In a month when David O'Leary had reason to worry about the sagging confidence of Leeds United's players, it suited him perfectly to collide with a club whose self-belief was shot to pieces.
Manchester City 0
Leeds United 4
Saturday, January 13, 2001
O'Leary made no attempt to disguise the negative effect of a mediocre run over Christmas but he could not hope to claim that his problems were on a par with Manchester City's at the start of 2001.
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A 4-0 victory at Maine Road punished a Premiership side who were clearly on their last legs.
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City's performance against Leeds was an apology for top-flight football, convincing their supporters that a return to the first division was almost inevitable.
Leeds were as vulnerable as they had been for many weeks, without a league win in three previous matches, but O'Leary was able to see the difference between a short-term loss of momentum and a total loss of direction and purpose.
"That'll do our confidence the world of good," he said. "My only hope now is that we move up the league quickly and become a threat again.
"The product we have here is so talented that eventually we're going to get going. We're not a bad little team at all – even if I have to take my medicine a little bit this season."
City would take more than their medicine before the end of the season, falling eight points short of safety, and uncertainty was evident among their players when Eirik Bakke scored in the 31st minute.
A scuffed free-kick from Andy Morrison on the edge of his own box dropped weakly to Jason Wilcox who in turn invited Eirik Bakke to score from 10 yards. The Norwegian did so without hesitating.
The match was as scrappy as it was tense and most of the crowd of 34,288 felt like watching through their fingers. Alfie Haaland, the former Leeds winger, forced Paul Robinson to spill a powerful shot in the second half and Paulo Wanchope almost turned the rebound into the net, but Haaland listened to chants of 'Alfie, Alfie what's the score?' from the away end. He hung his head in suitable fashion when Leeds scored 10 minutes from time.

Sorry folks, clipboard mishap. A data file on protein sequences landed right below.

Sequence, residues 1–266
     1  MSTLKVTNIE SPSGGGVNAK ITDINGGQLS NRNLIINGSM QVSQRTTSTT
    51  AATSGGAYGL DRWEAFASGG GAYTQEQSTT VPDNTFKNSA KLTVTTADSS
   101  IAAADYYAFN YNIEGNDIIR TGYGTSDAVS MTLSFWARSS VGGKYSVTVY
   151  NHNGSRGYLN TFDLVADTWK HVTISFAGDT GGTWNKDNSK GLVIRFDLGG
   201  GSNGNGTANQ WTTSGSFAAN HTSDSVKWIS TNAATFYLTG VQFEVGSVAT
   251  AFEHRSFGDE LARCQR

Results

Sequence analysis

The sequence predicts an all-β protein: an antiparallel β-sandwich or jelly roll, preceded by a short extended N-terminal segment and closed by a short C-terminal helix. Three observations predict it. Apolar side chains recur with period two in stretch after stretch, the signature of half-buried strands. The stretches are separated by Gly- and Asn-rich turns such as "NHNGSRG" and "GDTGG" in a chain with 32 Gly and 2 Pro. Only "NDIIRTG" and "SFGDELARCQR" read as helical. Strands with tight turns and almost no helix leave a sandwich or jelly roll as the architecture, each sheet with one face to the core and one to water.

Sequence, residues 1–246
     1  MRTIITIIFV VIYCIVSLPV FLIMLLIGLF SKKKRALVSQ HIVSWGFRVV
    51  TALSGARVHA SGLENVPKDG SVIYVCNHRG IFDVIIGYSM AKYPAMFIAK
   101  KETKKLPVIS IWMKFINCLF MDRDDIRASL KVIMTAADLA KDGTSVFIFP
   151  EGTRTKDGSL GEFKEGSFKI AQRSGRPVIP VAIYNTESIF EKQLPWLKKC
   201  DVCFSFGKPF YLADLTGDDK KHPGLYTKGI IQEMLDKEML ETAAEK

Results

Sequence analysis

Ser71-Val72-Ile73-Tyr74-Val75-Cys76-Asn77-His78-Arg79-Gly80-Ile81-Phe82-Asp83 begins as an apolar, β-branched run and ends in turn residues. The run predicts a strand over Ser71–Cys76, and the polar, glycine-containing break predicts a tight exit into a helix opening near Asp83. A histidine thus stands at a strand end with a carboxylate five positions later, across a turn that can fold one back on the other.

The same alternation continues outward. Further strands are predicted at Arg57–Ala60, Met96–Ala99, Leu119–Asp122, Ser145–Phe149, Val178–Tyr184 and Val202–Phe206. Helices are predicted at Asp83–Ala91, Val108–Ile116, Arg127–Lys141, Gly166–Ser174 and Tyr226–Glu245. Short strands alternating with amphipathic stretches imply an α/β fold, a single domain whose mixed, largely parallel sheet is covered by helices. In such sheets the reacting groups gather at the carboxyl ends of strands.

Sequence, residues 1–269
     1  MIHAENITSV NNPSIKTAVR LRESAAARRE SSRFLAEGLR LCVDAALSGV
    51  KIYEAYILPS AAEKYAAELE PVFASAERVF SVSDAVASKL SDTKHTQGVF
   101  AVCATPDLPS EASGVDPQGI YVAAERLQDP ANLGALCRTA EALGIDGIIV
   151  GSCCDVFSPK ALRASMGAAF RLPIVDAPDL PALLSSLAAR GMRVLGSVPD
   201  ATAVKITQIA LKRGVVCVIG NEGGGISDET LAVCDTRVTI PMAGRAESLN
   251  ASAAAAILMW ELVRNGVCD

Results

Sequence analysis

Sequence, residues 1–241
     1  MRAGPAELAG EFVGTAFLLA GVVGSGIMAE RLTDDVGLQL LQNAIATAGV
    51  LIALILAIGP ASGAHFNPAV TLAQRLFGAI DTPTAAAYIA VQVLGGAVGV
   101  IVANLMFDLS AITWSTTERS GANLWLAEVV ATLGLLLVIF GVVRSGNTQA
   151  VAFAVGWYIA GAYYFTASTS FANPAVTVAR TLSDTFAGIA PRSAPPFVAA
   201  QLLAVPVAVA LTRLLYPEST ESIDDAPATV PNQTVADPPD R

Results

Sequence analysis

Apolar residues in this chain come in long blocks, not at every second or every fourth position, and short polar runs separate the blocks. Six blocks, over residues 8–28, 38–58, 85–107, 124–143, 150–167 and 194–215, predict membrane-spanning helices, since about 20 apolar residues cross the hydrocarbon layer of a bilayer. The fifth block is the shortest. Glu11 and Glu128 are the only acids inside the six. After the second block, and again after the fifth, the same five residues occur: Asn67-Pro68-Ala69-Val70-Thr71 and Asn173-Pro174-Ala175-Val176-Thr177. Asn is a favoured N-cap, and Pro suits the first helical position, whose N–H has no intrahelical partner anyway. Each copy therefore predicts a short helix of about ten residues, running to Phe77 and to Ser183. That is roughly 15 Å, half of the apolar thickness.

City were looking desperately for a reprieve of any sort but, with the game increasingly stretched, their defence imploded.
Mark Viduka sealed United's win by fighting his way into City's box and laying on a tap-in for Lee Bowyer, and Robbie Keane struck a third for good measure in injury-time. City believed their punishment was complete but the club's backline fractured once more, making way for Keane to arrive at the near post and smash Bowyer's corner past Nicky Weaver.
City had been able to stomach a 5-2 defeat to Leeds on the same ground 12 months earlier, a wound sustained in the FA Cup while they were edging towards promotion from Division One. Their 4-0 loss was far less palatable, as manager Joe Royle bitterly admitted.
"The one crumb of comfort is that other results didn't hurt us," he said. "But the goals were typical of what's been going on here all season. We have to tighten up."
O'Leary was more upbeat, saying: "Our league position is disgraceful but we'll come out of this stronger. As a coach, I have to say that the season's been enjoyable."
United: Robinson, Mills, Ferdinand, Radebe, Matteo, Bakke, Dacourt, Bowyer, Wilcox, Smith (Keane, 71), Viduka. Subs (not used): Martyn, Harte, Woodgate, Batty.